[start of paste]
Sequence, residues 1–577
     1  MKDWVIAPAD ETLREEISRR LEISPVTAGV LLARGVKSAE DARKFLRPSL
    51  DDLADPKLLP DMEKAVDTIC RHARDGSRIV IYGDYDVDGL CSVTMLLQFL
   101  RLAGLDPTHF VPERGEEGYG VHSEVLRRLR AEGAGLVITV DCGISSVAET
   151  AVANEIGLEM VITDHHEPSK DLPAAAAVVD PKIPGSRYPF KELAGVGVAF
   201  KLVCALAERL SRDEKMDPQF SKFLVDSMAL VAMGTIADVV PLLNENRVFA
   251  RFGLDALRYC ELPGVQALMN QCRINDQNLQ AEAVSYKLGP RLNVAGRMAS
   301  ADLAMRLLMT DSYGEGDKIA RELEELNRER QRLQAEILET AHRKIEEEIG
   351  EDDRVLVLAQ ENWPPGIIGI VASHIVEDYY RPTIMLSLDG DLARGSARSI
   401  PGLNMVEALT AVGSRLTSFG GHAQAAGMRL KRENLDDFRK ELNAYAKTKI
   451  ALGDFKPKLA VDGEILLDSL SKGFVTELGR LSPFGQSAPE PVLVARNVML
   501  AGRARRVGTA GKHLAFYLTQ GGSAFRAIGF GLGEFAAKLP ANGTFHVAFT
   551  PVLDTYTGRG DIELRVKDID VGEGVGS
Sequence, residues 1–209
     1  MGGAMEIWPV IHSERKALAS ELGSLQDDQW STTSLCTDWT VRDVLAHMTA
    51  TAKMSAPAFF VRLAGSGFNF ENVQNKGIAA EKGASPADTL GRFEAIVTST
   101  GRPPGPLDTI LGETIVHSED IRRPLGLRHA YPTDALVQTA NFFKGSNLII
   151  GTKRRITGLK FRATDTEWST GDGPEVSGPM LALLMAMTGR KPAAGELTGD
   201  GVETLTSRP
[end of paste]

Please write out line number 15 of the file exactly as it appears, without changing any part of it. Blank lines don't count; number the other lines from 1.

     1  MGGAMEIWPV IHSERKALAS ELGSLQDDQW STTSLCTDWT VRDVLAHMTA